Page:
Mariana Mazzucato provides a perspective on the state of the current capitalist economy that I believe most people trying to become more familiar with the subject should meditate on and try to understand. Capitalism has its fair share of issues stemming from its profit incentivizing, unequal nature of going about things, but advocates for a fairer system often tend to not be grounded in reality, and have little to no comprehension of the drivers of the system that has formed the most successful economies to ever exist. The same criticism can be made for citizens anywhere on the political spectrum, making this an amazing article to show anyone who is open to other opinions on how the economy actually functions. I believe the author did an excellent job emphasizing the importance of the state in providing funding for some of the most ambitious and society altering projects that have changed how we live. this point is ignored time and time again in favor of wealth distribution too often. Although wealth distribution is a valid issue that needs to be addressed in on way or another, a strategic mind would definitely begin talking about wealth creation as this economist has. By basing her economic arguments in the reality of a competent state that has pushed us in the right direction of economic growth quite often, a new dynamic is presented to small government advocates which give them an exponentially more appealing reason to consider that the world is not as black and white as they may think it is.

    To further the author’s point, the U.S. government’s role in creating modern day Silicon Valley, a hotbed of technological innovation that may very well be the birth place of the next invention to change the world, is a prime example of why we cannot under utilize such an influential power that has a track record of developing profitable business. Directing public dollars towards the right things and outlining how we should invest as a nation to create the best economy possible is a conversation that will attract people from any background. There cannot be levels of influence of this magnitude without a consideration for the risk associated, and that is where I think much contemplation is required to refute established organizations like the Cato Institute whose expressed purpose is to heavily refute any narratives that involve government power. There was a lack of explaining the downside of government intervention and how it can inhibit growth in the article, but I imagine that is more indicative of the article rather than the economist.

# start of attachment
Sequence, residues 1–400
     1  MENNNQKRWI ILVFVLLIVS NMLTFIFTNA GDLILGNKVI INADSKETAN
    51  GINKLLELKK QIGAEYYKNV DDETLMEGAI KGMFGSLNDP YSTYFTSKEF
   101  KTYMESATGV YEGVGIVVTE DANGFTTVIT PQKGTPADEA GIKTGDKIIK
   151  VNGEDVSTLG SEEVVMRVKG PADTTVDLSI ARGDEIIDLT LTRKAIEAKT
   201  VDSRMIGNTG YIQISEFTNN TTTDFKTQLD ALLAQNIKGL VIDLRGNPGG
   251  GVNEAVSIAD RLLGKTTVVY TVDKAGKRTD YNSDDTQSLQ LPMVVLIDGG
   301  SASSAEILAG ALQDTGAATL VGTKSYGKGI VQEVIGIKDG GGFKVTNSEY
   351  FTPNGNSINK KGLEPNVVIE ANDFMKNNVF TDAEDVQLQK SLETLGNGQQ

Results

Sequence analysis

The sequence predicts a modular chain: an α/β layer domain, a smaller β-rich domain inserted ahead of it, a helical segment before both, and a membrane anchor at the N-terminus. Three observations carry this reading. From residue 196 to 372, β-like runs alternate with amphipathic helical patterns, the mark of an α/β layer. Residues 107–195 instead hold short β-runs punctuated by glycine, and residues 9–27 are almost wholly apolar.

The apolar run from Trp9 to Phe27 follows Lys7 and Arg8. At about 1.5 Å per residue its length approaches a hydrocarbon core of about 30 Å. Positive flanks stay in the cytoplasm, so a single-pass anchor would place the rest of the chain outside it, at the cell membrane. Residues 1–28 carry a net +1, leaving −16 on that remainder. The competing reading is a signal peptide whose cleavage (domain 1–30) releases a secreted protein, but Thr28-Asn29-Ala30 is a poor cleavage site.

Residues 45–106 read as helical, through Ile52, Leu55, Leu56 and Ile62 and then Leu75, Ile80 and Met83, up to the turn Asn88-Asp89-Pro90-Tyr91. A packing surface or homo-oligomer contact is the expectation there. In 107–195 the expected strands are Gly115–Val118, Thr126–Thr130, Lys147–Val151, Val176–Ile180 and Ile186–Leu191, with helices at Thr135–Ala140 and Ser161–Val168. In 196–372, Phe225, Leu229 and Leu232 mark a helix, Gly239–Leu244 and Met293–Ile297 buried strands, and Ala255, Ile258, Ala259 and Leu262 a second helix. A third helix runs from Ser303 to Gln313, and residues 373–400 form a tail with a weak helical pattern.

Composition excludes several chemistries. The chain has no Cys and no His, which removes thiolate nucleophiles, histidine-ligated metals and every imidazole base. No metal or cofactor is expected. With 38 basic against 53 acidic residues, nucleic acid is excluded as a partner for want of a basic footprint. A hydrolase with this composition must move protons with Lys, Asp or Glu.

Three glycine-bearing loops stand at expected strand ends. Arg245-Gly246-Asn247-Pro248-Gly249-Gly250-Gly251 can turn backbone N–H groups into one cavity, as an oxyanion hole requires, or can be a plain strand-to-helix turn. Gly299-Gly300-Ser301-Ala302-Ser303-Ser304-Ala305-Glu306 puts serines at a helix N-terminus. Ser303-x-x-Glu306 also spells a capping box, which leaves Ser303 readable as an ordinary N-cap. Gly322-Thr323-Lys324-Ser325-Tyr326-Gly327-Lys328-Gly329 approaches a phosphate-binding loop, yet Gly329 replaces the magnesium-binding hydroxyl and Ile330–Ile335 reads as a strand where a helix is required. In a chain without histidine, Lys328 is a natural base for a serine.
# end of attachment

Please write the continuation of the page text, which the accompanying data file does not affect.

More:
Mazzacuto does an excellent job at presenting her view of the economic debate in a way that everyone can understand. I am extremely happy that political candidates have taken this to heart, as I am sure that it will make for much more substantive conversation across parties than we are generally used to. I also appreciated her calculated progressive points like “If we continue to depict the state as only a facilitator and administrator, and tell it to stop dreaming, in the end that is what we get” where we get a more blunt statement of what kind of government she wants, but also it follows a long explanation of wealth creation that undoubtedly makes her opponents much more receptive to the things she is saying.